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Wednesday, January 18, 2017

Where are the poets?

Every American needs to see the movie "Hidden Figures."  It addresses so many things that are good and bad about our country while inspiring toward the good. Without going further by reviewing it, I simply encourage you to see it if possible. 

Among the rich texture of the entire movie there is one scene, actually a cameo, of President John Kennedy that I can't get out of my thoughts.  It is a clip of President Kennedy inspiring the national imagination toward the moon. I'm not sure if this is the one in the movie, but here is a link to a portion of one of his "moon speeches." Please watch and/or listen!

What strikes me and holds me is not so much the topic of space exploration, even though that in itself if inspiring, but rather the spirit and language of the speech. The spirit encompasses a knowledge of history that moves us forward. The language is eloquent, not in a flashy or manipulative sense but eloquent in that the words seem to be precisely chosen and arranged to inspire, in short - poetic.

There is a phrase in Paul's Letter to the Ephesians (2:10) that says "We are God's creation" or "we are what God has made us."  The Greek says "We are God's poiema," or poetry

We are God's poetry. We are expressions of God’s creative Spirit giving us dual status as created and as creators. We are both art and artist, poem and poet. Whenever or whatever we humans create comes from the innate, incarnate Spirit of God at the core of our being.

Where are the poet leaders today inspiring us toward our own poetry and goodness?


Wednesday, January 11, 2017

Humor


"A majority held in restraint by constitutional checks and limitations, and always changing easily with deliberate changes of popular opinions and sentiments, is the only true sovereign of a free people…We are not enemies, but friends. We must not be enemies. Though passion may have strained it must not break our bonds of affection. The mystic chords of memory, stretching from every battlefield and patriot grave to every living heart and hearthstone all over this broad land, will yet swell the chorus of the Union, when again touched, as surely they will be, by the better angels of our nature."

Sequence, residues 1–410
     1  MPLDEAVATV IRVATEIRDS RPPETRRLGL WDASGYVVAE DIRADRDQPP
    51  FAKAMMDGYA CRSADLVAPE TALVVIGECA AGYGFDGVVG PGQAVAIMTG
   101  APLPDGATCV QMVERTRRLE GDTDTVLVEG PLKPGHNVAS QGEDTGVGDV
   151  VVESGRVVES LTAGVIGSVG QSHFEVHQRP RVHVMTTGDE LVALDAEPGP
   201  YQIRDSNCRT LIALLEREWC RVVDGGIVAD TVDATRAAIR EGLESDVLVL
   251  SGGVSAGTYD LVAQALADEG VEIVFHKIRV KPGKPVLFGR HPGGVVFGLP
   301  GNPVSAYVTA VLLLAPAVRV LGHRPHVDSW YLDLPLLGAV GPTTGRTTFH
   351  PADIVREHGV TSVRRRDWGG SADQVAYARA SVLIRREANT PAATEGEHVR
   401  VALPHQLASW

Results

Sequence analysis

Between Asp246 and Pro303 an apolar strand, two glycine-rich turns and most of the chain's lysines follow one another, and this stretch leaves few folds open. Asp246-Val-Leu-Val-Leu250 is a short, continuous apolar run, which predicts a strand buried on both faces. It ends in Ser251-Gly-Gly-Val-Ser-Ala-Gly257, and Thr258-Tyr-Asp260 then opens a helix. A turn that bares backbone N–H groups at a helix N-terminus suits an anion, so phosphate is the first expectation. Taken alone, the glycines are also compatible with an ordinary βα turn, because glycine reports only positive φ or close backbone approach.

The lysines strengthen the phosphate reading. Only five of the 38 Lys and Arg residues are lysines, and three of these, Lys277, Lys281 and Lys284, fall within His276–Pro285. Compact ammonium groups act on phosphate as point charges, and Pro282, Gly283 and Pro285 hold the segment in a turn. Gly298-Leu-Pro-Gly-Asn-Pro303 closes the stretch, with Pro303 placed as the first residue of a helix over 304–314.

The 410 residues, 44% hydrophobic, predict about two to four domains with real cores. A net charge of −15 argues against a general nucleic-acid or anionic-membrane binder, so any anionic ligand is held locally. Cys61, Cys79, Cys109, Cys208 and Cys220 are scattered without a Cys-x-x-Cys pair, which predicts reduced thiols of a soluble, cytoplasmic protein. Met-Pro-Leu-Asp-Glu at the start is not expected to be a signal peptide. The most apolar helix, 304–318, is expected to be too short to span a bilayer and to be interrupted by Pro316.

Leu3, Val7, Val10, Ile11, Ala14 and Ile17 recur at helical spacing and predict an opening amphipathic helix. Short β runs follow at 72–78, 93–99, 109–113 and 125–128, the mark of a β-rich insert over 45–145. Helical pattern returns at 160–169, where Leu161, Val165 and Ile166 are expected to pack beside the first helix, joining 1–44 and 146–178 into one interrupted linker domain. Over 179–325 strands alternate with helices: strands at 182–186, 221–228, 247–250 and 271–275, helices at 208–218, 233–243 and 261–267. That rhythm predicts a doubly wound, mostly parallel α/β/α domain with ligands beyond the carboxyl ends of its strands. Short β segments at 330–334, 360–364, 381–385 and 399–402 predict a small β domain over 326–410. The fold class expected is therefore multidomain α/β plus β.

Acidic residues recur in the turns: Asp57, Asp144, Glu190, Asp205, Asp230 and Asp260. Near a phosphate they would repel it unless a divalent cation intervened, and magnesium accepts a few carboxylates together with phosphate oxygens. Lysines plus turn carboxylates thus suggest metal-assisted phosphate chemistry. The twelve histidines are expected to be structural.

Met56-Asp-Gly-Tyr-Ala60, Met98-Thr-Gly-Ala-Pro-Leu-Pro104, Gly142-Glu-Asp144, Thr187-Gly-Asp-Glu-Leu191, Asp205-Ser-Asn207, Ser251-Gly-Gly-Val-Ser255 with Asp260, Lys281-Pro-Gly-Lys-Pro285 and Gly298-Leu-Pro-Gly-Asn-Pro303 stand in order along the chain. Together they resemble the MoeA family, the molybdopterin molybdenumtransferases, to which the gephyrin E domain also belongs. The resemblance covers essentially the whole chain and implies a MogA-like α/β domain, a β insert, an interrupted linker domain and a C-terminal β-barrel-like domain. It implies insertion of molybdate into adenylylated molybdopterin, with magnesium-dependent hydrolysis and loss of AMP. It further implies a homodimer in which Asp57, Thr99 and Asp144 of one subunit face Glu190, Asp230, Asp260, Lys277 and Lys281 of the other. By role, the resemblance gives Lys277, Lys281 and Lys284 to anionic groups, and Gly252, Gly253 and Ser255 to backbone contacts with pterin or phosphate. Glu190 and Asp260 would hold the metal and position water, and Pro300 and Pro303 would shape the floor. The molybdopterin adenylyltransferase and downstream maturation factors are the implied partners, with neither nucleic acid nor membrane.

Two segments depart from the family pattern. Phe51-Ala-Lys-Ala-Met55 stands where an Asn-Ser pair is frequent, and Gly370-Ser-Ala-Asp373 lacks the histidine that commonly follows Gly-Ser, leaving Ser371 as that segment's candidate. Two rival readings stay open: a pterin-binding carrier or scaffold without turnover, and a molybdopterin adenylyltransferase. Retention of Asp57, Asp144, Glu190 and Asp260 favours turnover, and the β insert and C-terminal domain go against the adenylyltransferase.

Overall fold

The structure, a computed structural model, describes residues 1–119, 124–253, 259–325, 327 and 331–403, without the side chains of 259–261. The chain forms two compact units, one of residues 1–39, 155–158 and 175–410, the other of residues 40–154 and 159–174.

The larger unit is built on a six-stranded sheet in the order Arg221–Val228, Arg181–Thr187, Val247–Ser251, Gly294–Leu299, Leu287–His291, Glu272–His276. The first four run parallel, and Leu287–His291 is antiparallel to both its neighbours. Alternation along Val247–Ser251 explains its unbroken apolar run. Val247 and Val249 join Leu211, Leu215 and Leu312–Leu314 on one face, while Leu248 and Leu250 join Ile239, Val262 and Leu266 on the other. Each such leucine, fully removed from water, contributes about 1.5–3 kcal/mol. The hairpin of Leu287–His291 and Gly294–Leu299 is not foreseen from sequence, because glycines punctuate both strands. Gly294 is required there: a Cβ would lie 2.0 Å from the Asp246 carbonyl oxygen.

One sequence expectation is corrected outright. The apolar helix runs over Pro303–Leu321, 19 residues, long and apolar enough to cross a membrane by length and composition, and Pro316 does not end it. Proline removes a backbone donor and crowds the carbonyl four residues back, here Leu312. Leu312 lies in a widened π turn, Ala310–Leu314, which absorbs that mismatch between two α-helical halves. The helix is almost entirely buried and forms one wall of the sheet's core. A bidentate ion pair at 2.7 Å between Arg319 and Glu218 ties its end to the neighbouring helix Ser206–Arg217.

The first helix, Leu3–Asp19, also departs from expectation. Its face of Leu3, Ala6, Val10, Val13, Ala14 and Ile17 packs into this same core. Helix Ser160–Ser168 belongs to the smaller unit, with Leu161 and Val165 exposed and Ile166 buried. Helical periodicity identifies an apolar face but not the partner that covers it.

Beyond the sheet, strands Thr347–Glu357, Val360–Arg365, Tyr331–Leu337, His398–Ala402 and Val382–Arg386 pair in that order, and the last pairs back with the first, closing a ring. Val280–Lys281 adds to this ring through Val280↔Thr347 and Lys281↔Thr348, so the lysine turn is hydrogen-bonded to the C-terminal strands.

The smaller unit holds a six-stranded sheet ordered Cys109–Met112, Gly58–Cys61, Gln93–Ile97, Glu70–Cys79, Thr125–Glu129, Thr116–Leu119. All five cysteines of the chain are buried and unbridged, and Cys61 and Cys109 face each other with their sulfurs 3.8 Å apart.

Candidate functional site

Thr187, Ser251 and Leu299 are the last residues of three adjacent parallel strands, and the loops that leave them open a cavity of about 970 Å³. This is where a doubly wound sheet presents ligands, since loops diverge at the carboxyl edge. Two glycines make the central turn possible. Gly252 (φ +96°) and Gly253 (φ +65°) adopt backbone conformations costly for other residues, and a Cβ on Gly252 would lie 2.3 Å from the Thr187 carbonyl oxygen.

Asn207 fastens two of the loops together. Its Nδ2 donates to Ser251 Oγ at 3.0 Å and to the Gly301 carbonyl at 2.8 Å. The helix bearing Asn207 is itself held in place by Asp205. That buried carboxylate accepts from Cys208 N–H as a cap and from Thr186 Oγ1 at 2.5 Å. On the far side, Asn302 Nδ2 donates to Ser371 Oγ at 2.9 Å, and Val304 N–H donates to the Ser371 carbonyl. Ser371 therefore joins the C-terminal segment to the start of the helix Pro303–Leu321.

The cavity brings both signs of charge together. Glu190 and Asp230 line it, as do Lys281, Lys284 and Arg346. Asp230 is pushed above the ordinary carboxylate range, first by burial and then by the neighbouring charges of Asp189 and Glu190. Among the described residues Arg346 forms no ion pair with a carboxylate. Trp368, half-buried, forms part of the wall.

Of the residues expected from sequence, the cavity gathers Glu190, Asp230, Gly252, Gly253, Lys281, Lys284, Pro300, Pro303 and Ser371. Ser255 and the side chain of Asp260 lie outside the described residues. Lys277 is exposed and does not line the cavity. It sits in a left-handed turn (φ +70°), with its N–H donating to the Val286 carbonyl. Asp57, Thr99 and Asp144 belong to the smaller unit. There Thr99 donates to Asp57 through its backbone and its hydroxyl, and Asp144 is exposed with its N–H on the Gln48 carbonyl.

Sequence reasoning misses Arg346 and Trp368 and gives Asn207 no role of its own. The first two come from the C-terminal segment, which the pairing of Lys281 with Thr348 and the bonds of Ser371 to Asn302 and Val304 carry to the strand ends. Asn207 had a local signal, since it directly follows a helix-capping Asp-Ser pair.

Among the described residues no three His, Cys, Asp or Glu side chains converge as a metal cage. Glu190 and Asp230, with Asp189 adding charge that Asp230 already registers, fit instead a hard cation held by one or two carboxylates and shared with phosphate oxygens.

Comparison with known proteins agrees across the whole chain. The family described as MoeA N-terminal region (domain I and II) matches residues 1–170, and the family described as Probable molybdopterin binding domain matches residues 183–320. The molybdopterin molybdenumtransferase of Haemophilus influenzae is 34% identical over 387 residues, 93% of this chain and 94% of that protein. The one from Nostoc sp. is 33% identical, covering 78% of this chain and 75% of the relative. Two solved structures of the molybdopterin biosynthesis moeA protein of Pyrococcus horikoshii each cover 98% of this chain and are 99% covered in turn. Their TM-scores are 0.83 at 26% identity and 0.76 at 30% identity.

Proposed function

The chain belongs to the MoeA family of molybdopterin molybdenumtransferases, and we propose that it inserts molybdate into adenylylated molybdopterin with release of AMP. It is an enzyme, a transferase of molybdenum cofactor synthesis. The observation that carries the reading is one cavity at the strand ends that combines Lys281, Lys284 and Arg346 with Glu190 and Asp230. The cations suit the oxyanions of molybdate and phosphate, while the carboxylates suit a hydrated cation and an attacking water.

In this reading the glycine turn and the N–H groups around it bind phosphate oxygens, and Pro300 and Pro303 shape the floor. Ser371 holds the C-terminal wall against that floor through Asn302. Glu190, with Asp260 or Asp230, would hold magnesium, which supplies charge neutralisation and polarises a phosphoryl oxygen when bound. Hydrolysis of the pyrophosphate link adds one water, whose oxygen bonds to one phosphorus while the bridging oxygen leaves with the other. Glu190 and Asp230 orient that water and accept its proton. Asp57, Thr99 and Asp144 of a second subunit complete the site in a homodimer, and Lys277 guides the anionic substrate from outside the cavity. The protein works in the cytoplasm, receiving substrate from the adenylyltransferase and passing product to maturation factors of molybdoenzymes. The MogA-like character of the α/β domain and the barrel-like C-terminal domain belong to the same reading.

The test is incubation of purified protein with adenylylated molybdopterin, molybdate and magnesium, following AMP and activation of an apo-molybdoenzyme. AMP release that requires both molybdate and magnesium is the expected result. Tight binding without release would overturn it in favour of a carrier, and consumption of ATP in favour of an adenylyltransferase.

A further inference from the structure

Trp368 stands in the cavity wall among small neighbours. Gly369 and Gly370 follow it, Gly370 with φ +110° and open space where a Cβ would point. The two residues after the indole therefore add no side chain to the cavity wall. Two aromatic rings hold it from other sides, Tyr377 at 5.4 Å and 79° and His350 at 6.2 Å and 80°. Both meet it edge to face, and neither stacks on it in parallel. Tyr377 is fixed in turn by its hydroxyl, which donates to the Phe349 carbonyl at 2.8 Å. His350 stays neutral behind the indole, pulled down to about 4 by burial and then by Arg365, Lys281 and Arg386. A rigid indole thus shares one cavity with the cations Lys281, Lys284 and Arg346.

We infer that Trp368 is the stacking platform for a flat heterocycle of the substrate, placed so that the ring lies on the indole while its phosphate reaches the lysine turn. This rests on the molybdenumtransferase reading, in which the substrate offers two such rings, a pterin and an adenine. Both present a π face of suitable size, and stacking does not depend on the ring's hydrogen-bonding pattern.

~ Abraham Lincoln, First Inaugural Address

Recently I heard someone say, "What is lacking in our political discourse today is a sense of humor." Quickly agreeing, I also begin to ponder, "Yes, but there's not much to laugh about. What's funny about the way many people in the world are embracing and even celebrating the shadows of human nature rather than seeking the light of our better angels.

Humor, however, is not necessarily funny, even though this is the way many of us use the word today. Originally, humor was a term of medieval physiology pertaining to bodily fluids and how they determined the disposition, temperament, or we might say personality, of a person. As such, it became a term to describe temperament and disposition, whether a person was gloomy or cheerful, optimistic or pessimistic, happy or sad. A person's humor could be good or bad. Eventually, and perhaps because disposition and temperament often fluctuate unpredictably in people, the term became associated with a sense of absurdity or incongruity. Then, perhaps because absurd incongruity often makes us laugh, or at least smile, humor became funny,

Like so many words, humor is a verb as well as a noun.  The verb means to indulge or placate a situation or behavior that you really would prefer to not happen.  To humor someone or something is to tolerate, or agree while disagreeing.  We humor people and situations all of the time through silence, false praise, and even dishonest agreement.

So, back to the original statement, "What is lacking in our political discourse today is a sense of humor."  Yes, and No.

First, No! Actually there is probably too much indulging, placating, tolerating, silence, false praise, and dishonest agreement going on around and in us today.  We let slide harmful comments and actions that incite and encourage our darker dispositions and temperaments. We humor people simply because of their social or economic positions, or political office.  We put up with a lot of nonsense and destructive behavior in others and in ourselves.

Second, Yes! We desperately need to regain our sense of absurdity and incongruity in life and nurture the ability to laugh - not at each other, but rather with each other and at ourselves. We appear to have lost our human ability to sense and express how silly and inconsequential is so much of how we spend our lives. This "sense of humor" keeps us grounded, literally by reminding us that in the end we are dirt, water, and air spending a few rotations and orbits on a chunk of dirt, water, and air hurling through endless space and time.